The Ringing Scheme

Ringing aims to monitor survival rates of birds and collect information about their movements. This information provides vital support for conservation efforts as it helps to understand how these processes influence population sizes over time; identifying the mechanisms is the first step in reversing declines. You can help by looking out for ringed birds and reporting them

Visit the Online Ringing and Nest Recording Report to see how many birds are ringed and recovered for the whole Ringing Scheme, covering Britain & Ireland, as well as broken down by country and county. This is also the place to find longevity records.

Visit our “Demog Blog” to find the breaking news on ringing and Ringing Surveys to see how ringers are focussing their efforts to provide information on population size, breeding success and survival through our Constant Effort Site (CES) and Retrapping Adults for Survival (RAS) projects. 

Many of our ringers are also nest recorders, find out more information on nesting success by visiting the Nest Record Scheme.

Go and look at the Population Dynamics and Migration and the ecology of migrants pages to see how information from ringing combines with other BTO surveys to provide fascinating insights into the lives of birds.

If you want to find out more about why ringing and nest recording is important you'll find it explained in Demographic Monitoring: A Strategy to Increase the Contribution of Ringing and Nest Recording to Conservation Science


Latest Ringing News


Chaffinch abundance and productivity were low in 2015. Photograph by Jill Pakenh

2015 NRS & CES preliminary breeding season results

Information collected by BTO volunteers shows that numbers of many resident bird species, and some migrants, increased in 2015. However, the spells of cool, wet weather that much of Britain & Ireland experienced in late-spring and summer left many birds struggling to breed, with more northerly populations faring particularly badly. See the Nest Record Scheme and Constant Effort Sites scheme preliminary breeding season report for details.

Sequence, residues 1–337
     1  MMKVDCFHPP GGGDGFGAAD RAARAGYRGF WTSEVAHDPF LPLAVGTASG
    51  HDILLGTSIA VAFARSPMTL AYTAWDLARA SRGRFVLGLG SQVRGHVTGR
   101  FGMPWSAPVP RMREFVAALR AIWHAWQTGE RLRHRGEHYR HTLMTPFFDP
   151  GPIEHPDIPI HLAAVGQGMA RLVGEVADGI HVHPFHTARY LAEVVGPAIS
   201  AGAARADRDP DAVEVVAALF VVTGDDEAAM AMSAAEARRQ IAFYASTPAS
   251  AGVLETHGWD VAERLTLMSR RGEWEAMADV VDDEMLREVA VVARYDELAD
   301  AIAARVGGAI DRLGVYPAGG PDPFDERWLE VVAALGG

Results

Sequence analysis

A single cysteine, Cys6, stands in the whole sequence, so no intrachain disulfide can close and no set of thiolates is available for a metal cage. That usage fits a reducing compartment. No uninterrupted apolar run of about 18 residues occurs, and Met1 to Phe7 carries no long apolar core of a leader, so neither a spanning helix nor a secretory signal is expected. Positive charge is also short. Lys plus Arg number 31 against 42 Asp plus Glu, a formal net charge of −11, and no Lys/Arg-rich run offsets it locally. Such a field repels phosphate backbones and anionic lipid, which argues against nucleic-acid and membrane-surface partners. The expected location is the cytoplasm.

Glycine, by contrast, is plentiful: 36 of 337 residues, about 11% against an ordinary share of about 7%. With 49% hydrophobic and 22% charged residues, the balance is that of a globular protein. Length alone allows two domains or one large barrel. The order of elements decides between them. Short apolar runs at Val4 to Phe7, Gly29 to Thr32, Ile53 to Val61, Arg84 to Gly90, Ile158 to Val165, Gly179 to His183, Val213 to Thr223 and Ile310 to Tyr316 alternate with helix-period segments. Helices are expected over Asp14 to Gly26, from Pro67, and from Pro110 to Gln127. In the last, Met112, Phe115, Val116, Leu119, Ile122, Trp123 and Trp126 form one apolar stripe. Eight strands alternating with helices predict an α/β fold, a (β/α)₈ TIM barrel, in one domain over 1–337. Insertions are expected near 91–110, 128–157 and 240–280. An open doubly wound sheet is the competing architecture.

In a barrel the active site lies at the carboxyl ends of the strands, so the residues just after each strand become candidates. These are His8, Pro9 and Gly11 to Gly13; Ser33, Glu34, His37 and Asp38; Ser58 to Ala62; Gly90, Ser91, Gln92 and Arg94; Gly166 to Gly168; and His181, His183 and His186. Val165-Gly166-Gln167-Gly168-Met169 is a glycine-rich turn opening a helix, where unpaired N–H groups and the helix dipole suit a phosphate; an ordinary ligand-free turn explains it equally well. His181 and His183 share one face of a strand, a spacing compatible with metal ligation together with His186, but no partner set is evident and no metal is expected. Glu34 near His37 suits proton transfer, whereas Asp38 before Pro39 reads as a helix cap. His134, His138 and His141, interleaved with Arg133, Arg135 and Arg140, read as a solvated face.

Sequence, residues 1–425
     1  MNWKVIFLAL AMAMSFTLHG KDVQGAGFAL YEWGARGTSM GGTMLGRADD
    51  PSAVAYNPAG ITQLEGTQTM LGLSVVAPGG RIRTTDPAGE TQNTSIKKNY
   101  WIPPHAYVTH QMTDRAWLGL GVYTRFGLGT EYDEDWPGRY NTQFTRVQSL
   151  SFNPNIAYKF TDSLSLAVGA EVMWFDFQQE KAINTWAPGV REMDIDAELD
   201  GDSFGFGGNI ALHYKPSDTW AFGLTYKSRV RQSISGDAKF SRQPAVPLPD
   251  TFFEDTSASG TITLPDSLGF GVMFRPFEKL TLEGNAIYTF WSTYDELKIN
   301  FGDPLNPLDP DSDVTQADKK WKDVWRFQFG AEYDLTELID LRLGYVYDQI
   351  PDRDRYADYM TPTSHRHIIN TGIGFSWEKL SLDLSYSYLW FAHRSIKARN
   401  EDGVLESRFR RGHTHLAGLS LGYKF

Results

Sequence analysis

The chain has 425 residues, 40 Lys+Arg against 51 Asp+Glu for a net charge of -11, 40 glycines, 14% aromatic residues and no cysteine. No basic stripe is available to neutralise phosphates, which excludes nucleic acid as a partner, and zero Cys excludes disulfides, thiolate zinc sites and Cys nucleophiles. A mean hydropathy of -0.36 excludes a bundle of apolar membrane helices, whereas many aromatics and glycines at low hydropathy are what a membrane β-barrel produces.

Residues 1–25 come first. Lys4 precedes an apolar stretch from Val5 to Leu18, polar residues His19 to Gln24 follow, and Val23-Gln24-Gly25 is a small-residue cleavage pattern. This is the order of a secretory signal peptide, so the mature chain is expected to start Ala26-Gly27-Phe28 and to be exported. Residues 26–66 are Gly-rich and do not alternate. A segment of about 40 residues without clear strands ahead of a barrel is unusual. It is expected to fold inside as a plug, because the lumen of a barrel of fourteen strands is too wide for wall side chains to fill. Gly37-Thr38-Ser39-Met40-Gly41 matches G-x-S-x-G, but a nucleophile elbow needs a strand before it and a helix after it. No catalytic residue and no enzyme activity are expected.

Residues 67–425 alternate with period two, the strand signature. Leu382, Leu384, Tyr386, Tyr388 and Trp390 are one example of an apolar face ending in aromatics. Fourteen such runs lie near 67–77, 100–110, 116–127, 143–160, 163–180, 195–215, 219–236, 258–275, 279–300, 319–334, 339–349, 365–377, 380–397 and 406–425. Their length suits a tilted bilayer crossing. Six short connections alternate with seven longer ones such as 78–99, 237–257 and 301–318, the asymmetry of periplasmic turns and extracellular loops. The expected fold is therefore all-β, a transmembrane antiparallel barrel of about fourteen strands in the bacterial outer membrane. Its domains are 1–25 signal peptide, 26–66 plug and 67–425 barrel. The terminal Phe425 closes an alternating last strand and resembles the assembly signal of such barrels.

Life Cycle Issue 2 cover

Life Cycle Issue 2 available online

Issue 2 of Life Cycle, the BTO magazine for ringers and nest recorders, is now available to download as a PDF or to read online. This autumn edition includes guides to mist-netting coastal waders and farmland birds as well as articles on making the most of your data. For those already looking forward to the start of the next breeding season, there is an article on finding Robin nests, and for those interested in more exotic species, there is a piece on ringing in South Georgia. We hope you enjoy these and all the other articles in this edition.

Icelandic-ringed Black-tailed Godwit seen in Norfolk in 2014. Photo Ruth Walker

2014 Online Ringing & Nest Recording Report

The 2014 Online Ringing and Nest Recording Report is now available. By popular request, and as a result of the new database, ringing records are now summarised by bird recording areas, rather than by (old) counties. Excitingly, there are also new pages showing the timing of breeding and moult for the 15 most commonly recorded species. The longevity records have also been updated to include birds re-encountered in 2014. For the first time, the report also includes Nest Record Scheme data in the form of totals for each country and county.